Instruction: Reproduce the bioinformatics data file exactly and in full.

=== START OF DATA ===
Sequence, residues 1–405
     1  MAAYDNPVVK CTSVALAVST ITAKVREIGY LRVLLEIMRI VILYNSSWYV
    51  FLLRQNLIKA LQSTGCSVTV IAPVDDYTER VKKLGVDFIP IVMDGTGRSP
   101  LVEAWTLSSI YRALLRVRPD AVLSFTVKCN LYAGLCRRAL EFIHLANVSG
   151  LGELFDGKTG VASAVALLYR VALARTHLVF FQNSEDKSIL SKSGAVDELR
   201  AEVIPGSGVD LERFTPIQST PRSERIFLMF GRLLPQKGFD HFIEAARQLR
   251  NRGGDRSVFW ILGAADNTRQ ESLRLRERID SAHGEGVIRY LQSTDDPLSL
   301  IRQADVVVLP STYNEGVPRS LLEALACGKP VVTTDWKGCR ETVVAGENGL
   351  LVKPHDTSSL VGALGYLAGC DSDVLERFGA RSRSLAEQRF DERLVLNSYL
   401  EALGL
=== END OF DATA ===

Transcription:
Sequence, residues 1–405
     1  MAAYDNPVVK CTSVALAVST ITAKVREIGY LRVLLEIMRI VILYNSSWYV
    51  FLLRQNLIKA LQSTGCSVTV IAPVDDYTER VKKLGVDFIP IVMDGTGRSP
   101  LVEAWTLSSI YRALLRVRPD AVLSFTVKCN LYAGLCRRAL EFIHLANVSG
   151  LGELFDGKTG VASAVALLYR VALARTHLVF FQNSEDKSIL SKSGAVDELR
   201  AEVIPGSGVD LERFTPIQST PRSERIFLMF GRLLPQKGFD HFIEAARQLR
   251  NRGGDRSVFW ILGAADNTRQ ESLRLRERID SAHGEGVIRY LQSTDDPLSL
   301  IRQADVVVLP STYNEGVPRS LLEALACGKP VVTTDWKGCR ETVVAGENGL
   351  LVKPHDTSSL VGALGYLAGC DSDVLERFGA RSRSLAEQRF DERLVLNSYL
   401  EALGL